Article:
When it comes to your voted being counted, how secure are Nevada's electronic voting machines?
The prevalent argument these days is that the electronic voting method is far more secure than paper, with less room for error. One of the biggest reasons? Less human involvement with the process.
More than twelve hundred voting machines alone will be used in Washoe County's General Election...and according to Dan Burke, the Registrar of Voters, all should run smoothly on November 7th.
The first precaution comes well before the machines are rolled out for early voting. Each is checked once, some twice...and several safety seals are put into place so no one can tamper with them.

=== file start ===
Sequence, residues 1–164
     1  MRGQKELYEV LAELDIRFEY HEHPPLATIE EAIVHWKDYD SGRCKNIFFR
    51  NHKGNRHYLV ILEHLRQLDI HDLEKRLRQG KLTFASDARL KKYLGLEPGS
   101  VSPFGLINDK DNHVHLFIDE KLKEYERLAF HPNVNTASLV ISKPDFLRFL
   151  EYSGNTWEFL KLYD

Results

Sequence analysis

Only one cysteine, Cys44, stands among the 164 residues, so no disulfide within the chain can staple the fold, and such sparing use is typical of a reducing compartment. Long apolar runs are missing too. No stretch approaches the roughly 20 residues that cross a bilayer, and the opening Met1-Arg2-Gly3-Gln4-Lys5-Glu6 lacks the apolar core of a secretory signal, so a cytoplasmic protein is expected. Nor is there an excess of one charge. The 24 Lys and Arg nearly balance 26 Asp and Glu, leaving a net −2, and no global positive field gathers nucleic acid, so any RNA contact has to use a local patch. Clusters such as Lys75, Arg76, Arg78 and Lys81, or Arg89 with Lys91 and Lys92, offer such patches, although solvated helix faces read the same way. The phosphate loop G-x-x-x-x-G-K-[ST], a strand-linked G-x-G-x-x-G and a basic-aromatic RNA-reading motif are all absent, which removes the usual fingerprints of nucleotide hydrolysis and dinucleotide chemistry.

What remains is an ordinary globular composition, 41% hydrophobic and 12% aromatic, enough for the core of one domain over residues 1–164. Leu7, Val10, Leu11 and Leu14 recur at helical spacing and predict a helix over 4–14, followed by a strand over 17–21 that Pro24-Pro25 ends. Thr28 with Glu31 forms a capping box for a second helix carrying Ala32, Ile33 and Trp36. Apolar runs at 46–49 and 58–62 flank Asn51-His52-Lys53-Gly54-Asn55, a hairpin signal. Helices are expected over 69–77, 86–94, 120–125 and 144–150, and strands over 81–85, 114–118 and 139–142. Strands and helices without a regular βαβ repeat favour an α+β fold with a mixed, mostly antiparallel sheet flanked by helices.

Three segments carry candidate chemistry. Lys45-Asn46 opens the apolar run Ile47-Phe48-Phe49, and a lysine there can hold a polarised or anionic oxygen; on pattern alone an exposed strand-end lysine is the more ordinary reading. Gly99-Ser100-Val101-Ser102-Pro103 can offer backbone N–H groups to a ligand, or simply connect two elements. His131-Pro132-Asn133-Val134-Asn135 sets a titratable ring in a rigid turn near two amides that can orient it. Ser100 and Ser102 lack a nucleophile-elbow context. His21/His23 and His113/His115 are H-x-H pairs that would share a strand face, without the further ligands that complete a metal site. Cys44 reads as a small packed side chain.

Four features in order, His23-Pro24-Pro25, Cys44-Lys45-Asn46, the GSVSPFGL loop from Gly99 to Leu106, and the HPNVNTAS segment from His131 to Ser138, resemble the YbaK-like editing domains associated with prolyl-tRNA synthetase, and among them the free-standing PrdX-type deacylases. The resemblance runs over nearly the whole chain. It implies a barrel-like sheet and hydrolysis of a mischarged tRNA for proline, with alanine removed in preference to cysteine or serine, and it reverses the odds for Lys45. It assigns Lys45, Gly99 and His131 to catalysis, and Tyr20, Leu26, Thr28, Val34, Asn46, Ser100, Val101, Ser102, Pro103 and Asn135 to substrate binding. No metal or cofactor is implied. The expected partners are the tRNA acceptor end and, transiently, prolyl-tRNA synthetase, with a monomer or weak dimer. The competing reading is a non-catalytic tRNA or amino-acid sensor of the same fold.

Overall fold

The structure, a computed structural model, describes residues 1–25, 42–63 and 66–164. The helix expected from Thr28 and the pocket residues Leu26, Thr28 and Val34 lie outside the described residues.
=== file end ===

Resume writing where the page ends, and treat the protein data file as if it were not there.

The machines also have three ways to verify a vote. The first is with the paper record...it will never be valid as an actual vote should there be a recount, but it does serve its purpose of a paper audit.
The second method is through an electronic results cartridge inside the machine.
And finally, the machines themselves keep a record of everything computed, from routine maintenance to voting numbers.
There's also one more way to ensure your vote got counted.
After the election, the certification board randomly checks 2 percent of the voting machines, to make sure they properly recorded votes.
So far, Washoe County has scored a perfect 100 percent rate.